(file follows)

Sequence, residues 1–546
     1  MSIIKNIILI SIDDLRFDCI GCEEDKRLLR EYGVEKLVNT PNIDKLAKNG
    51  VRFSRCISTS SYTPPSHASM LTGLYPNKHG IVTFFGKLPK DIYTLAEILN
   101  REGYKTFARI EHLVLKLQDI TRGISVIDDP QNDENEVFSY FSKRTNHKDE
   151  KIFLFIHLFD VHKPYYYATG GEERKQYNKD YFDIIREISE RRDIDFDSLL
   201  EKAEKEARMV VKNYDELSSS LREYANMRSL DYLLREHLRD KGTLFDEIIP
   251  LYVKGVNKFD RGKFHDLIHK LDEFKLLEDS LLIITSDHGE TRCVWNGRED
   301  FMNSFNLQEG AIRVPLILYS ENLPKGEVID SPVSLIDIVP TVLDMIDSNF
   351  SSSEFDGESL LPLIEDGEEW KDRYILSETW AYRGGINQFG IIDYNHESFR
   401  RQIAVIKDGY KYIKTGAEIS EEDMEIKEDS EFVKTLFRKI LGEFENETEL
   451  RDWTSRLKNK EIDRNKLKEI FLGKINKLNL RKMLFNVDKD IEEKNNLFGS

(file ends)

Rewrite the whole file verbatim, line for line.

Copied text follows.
Sequence, residues 1–546
     1  MSIIKNIILI SIDDLRFDCI GCEEDKRLLR EYGVEKLVNT PNIDKLAKNG
    51  VRFSRCISTS SYTPPSHASM LTGLYPNKHG IVTFFGKLPK DIYTLAEILN
   101  REGYKTFARI EHLVLKLQDI TRGISVIDDP QNDENEVFSY FSKRTNHKDE
   151  KIFLFIHLFD VHKPYYYATG GEERKQYNKD YFDIIREISE RRDIDFDSLL
   201  EKAEKEARMV VKNYDELSSS LREYANMRSL DYLLREHLRD KGTLFDEIIP
   251  LYVKGVNKFD RGKFHDLIHK LDEFKLLEDS LLIITSDHGE TRCVWNGRED
   301  FMNSFNLQEG AIRVPLILYS ENLPKGEVID SPVSLIDIVP TVLDMIDSNF
   351  SSSEFDGESL LPLIEDGEEW KDRYILSETW AYRGGINQFG IIDYNHESFR
   401  RQIAVIKDGY KYIKTGAEIS EEDMEIKEDS EFVKTLFRKI LGEFENETEL
   451  RDWTSRLKNK EIDRNKLKEI FLGKINKLNL RKMLFNVDKD IEEKNNLFGS